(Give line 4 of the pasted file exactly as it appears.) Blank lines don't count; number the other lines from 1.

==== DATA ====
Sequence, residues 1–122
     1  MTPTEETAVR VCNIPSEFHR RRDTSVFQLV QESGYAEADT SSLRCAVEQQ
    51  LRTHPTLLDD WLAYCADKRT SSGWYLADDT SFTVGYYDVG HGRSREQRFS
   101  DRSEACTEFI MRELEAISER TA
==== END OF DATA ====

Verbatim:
   101  DRSEACTEFI MRELEAISER TA